Vivianne Metta of LocateIT in Kenya gave a presentation on “Space Economy- Africa in Focus”. She discussed some of their space-driven solutions, which have been helpful in a lot of sectors across Africa, including:
- AfriCultuReS- Enhancing food security in African by leveraging remote sensing tools;
- Leveraging Earth Observation tools and crop modelling to support agricultural value chain digitization in Kenya sustainably; and
- Using web-service and geographic information system (GIS) software, QGIS plugin to deliver timely information on land degradation in North Africa.
Pauline Bourg of Airbus Defence and Space presented on “Space at Airbus”. She discussed how Airbus has partnered and helped to design and build many African satellites. In addition, through the Surrey Satellite Technology Limited (SSTL) platform, Airbus has also trained numerous African engineers in the design, assembly, integration, and testing of satellites. She also talked about the Kilimo project in Kenya. According to her, the project utilises satellite-based maps, geostatistics and crop monitoring. This aids agricultural authorities in Kenya make better-informed decisions. Pauline also discussed the Africa 4 Future initiative. The initiative is an aerospace accelerator program that has accelerated more than 30 startups within four years.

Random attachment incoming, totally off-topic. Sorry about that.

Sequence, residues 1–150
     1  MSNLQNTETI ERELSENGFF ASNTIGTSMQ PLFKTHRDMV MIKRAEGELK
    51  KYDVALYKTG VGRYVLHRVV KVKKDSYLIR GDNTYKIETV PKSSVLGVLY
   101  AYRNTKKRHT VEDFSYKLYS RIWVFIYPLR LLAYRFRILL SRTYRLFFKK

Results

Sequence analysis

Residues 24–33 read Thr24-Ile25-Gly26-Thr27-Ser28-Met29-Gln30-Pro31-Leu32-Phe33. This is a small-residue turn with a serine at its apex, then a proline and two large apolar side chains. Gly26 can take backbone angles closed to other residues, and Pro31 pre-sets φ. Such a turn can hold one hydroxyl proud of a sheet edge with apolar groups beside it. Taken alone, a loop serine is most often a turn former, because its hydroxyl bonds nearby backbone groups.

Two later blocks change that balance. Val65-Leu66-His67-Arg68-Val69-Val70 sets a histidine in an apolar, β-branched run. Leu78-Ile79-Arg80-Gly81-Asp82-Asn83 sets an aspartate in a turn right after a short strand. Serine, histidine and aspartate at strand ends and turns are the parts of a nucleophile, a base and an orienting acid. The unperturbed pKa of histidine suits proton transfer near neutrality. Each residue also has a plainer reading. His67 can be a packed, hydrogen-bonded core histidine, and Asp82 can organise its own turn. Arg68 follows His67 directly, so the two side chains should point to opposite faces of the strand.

Dr Olugbenga Leke Oyewole, the Chief Executive of Atlantic Factorial, spoke extensively on the various services offered by his company to different sectors, including maritime, aviation, metrology, radiofrequency analysis, imagery, telemedicine and education.
The Co-Founder and CEO of Astrofica Technologies, Jessie Ndaba, presented on “H2OPE-SAT Constellation: A Hyperspectral Space-based solution for water and agricultural monitoring and management”. She discussed Astrofica’s successful projects, which include:
- The assembly, integration and launch of the ZA-CUBE2;
- The comprehensive analysis of the South African Space Industry Development Policy Framework for the Department of Trade and Industry and Blueprint Holding; and
- Climate-Smart Agriculture (CSA).
Faleti Joshua is an avid lover of space in all its incomprehensible nature. He holds a LL.B degree, and is a pessimist in his free time.